In the end, you could call Hernandez’s showing ambiguous – neither awful enough to ensure an immediate ouster from the rotation, nor sterling enough to demand his continued presence.
It was a night tinged with sadness. It is always that way when one’s mortality is on display for the world to see.
Felix Hernandez once was the best in the world at throwing a baseball with evil intent, or at least in the conversation. He held that eminence for a good, long time. Now he was desperately trying to show that he still has a place in the Mariners’ rotation, that he can beat back the ravages of time for a little while longer. We all felt a little older just watching.
The outlook for that attempt by Hernandez was not particularly bright. Everyone at Safeco Field knew what was at stake – or at least that portion of the crowd which hadn’t come trooping down from Canada for the annual Blue Jays’ invasion.
Hernandez was pitching to show that he still belonged in the Mariners’ rotation, at a time when every bit of evidence pointed to the contrary. No one wanted to see the one-time ace, the vaunted King, reduced to a one-game audition, but that’s the hand he had dealt himself.
Most Read Sports Stories
- Huskies get commitment from four-star defensive tackle Jacob Bandes
- Huskies coach Chris Petersen? Yeah, he really is an OKG, his peers say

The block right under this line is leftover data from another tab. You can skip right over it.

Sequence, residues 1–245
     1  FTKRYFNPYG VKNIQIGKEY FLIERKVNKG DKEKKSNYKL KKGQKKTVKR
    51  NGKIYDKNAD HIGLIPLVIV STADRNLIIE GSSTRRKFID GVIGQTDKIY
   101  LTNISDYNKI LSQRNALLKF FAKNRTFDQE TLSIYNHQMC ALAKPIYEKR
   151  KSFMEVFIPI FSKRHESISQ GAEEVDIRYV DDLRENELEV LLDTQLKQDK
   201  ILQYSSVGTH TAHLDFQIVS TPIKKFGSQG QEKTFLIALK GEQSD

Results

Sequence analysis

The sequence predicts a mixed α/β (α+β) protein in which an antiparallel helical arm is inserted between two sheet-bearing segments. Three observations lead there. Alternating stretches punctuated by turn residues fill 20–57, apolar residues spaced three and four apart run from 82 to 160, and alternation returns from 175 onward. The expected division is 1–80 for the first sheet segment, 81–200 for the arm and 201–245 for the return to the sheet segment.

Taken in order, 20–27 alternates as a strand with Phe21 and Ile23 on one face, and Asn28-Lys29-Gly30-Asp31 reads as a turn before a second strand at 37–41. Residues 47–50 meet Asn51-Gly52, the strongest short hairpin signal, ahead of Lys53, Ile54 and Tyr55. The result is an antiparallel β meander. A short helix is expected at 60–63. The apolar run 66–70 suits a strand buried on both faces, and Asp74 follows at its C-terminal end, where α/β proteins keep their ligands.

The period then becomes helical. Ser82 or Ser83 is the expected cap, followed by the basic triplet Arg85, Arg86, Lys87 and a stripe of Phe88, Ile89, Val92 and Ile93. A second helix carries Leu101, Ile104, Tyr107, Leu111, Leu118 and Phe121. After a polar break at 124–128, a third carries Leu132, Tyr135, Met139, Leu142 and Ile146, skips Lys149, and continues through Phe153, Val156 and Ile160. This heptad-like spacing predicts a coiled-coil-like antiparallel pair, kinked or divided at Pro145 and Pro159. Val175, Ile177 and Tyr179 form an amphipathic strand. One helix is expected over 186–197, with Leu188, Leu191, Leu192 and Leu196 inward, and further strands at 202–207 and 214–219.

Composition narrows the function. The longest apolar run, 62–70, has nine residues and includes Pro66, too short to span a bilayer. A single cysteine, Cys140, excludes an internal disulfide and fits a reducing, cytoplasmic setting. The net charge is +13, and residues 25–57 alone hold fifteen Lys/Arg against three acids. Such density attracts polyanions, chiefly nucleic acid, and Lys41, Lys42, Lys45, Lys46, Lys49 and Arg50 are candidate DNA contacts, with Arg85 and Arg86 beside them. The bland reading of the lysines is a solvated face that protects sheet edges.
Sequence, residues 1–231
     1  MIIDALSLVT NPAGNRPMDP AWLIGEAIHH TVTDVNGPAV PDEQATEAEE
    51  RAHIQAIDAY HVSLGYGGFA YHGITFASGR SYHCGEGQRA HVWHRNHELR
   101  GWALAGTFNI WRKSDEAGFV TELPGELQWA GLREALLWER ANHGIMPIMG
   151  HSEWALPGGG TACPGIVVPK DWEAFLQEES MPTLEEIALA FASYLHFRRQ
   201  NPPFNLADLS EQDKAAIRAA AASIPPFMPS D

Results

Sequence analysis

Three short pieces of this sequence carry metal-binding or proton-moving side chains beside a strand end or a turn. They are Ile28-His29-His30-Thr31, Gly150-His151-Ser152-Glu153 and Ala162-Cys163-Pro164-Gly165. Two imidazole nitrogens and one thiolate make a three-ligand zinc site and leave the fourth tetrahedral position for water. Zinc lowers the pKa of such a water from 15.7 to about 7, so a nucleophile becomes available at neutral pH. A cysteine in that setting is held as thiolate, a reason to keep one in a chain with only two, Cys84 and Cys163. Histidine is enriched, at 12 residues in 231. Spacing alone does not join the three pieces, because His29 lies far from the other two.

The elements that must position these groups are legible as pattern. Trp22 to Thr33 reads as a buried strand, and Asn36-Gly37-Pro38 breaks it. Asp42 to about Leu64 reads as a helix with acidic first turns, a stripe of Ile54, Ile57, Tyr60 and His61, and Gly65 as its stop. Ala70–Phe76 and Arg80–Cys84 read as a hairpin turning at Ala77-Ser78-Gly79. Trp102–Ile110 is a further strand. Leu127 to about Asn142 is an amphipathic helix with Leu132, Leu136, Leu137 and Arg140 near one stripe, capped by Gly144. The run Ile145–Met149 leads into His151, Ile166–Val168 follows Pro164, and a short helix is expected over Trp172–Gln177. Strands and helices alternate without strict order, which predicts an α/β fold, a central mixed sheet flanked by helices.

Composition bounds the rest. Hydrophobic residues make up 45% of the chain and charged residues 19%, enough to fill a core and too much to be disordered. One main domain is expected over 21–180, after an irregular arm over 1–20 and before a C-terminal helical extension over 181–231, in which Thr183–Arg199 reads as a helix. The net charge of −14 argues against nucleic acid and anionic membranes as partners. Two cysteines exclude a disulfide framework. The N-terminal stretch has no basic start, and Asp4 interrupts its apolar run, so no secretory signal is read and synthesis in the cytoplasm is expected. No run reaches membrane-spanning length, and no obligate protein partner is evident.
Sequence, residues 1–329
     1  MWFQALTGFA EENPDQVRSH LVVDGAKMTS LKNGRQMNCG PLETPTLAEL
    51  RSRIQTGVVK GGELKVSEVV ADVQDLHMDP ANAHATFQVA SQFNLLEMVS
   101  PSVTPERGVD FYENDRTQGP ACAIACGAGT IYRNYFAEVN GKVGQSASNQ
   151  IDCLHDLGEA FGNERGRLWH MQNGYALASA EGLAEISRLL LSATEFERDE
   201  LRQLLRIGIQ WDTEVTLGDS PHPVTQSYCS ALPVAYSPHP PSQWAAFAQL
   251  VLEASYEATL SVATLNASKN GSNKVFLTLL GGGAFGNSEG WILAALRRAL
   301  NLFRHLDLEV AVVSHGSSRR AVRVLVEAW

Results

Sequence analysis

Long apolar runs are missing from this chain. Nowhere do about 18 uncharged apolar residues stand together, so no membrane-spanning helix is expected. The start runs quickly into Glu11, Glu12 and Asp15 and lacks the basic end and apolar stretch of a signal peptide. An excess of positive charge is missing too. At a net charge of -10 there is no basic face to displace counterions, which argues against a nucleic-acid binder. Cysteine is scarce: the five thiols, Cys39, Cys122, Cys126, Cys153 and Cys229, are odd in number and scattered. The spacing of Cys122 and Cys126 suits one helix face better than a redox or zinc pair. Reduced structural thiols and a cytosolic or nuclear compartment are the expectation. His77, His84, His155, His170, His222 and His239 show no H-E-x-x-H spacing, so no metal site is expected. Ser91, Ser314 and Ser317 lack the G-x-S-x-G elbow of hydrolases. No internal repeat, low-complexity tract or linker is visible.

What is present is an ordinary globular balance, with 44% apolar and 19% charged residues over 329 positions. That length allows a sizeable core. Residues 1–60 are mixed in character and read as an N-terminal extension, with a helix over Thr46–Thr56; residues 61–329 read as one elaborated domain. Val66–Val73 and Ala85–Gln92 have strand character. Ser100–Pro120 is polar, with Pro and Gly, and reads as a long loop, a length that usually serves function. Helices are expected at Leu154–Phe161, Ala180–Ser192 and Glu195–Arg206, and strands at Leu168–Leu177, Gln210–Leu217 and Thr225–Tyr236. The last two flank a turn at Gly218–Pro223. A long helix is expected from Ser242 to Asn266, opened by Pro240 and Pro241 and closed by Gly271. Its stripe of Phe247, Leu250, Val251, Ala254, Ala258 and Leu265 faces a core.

- 5 things to watch in Seahawks-Chargers: Who will step up at right CB? Is Brandon Marshall for real?
- Seahawks surprisingly release DE Marcus Smith for personal reasons, sign veteran DE Erik Walden WATCH
- Analysis: Earl Thomas almost an afterthought as Seahawks end training camp
When he came out of the bullpen after warming up before the game, Hernandez looked relaxed, chatting casually with catcher Mike Zunino as they sauntered in. He stopped to share a hug with his Venezuelan countryman, Toronto’s Yangervis Solarte, who was running sprints. And when he walked off the mound after a 1-2-3 fifth inning, his night finished, Hernandez slapped his glove in satisfaction, a faint glimmer of the type of histrionics that used to mark Felix’s dominant nights.
This was not a dominant night. If you thought that Hernandez would somehow be able to summon the flash and sparkle of past years, well, that notion was dissuaded quickly, as quick as it took Justin Smoak to jump on a nothing fastball and line a double in the first inning. Hernandez survived for five innings, but danger was always lurking, and nothing seemed to come easily.
Even the King’s Court, an anachronism at best in 2018 and a mockery at worst, seemed more subdued than usual – or maybe they were just drowned out by all that Jays’ commotion.
In the end, you could call Hernandez’s showing ambiguous – neither awful enough to ensure an immediate ouster from the rotation, nor sterling enough to demand his continued presence. In those five innings, Felix gave up five hits (three of them doubles) and two runs, walking two and striking out two. He threw 92 pitches.
Two of the innings, the second and fifth, were three up and three down. The other three innings were tight wires, wriggling in and out of jams. It took a jumping catch at the wall by left fielder Denard Span in the fourth, a ball that looked for all the world like it was heading for a three-run homer, to bail Hernandez out of disaster. But, unlike his last outing against the Angels, disaster was kept at bay.